For 30 years, Yosemite Conservancy has provided funds to Yosemite National Park to protect Sierra Nevada bighorn sheep, one of the rarest large mammals in North America. Thanks to Conservancy support, wildlife managers have re-introduced this endangered species back into their Yosemite habitat and continue to monitor the population expansion.
Returning Bighorns to Yosemite
In 1986, a donation from the Yosemite Fund (now Yosemite Conservancy) catalyzed the return of Sierra Nevada bighorn sheep to mountains along Yosemite’s eastern edge. The introduction of that new Yosemite herd represented an important stride in efforts to bring the sheep back from the brink of extinction, but additional work was needed to ensure the recovery of the species.
By 2000, the bighorn population had hit a low of about 100 individuals, and the sheep were named a federally endangered species. Sierra Nevada bighorn numbers have since risen to more than 500, but the sheep continue to face many challenges, such as disease spread from domestic sheep in neighboring herds.
In 2015, Conservancy donors funded another landmark chapter in the bighorns’ story: the introduction of an additional Yosemite herd, this time in the Cathedral Range, an offshoot of the Sierra Nevada in the heart of the park’s wilderness. The Cathedral Range is an ideal location for the bighorns, with plenty of food, protection from disease-carrying domestic sheep, the potential for overlap with the 1986 herd, and, of course, the rocky, high-altitude habitat where these “animal mountaineers” thrive. The Cathedral Range is also an ancestral habitat for the Sierra Nevada bighorns — and their return in March 2015 was the first time the sheep had scrambled through those wild mountains in more than 100 years.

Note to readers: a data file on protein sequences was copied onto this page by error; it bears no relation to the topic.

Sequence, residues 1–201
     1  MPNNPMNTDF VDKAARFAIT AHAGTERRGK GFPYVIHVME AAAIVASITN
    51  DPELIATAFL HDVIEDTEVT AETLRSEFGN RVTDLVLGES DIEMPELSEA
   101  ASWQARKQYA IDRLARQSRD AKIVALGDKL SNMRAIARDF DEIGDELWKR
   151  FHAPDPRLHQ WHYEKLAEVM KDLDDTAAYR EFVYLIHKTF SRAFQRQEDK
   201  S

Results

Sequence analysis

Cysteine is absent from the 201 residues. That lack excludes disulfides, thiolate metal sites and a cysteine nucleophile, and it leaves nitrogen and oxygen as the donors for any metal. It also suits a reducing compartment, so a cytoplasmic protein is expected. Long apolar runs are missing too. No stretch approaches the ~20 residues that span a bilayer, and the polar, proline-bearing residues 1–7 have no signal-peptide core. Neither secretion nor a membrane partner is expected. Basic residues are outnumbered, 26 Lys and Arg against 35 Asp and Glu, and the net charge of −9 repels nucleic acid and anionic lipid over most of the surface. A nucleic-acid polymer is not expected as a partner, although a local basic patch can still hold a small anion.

GPS Collaring and Online Tracking
Yosemite Conservancy has helped protect bighorn sheep by funding GPS collars to track their movements. The Conservancy also funded the creation and management of website applications that allow for the online tracking of individual sheep. By closely following sheep travels, as well as lambing sites, wildlife managers can quickly intervene to protect the sheep from potential threats, such as when they wander too close to domestic herds, putting them at risk for exposure to deadly diseases. Through Conservancy-supported field work, the park’s wildlife team has been able to monitor the health of the herds and make informed decisions about introducing additional rams or ewes. Scientists have also been able to collect and study samples from the bighorns’ habitat in order to learn more about the sheep’s genetics, diet and behavior.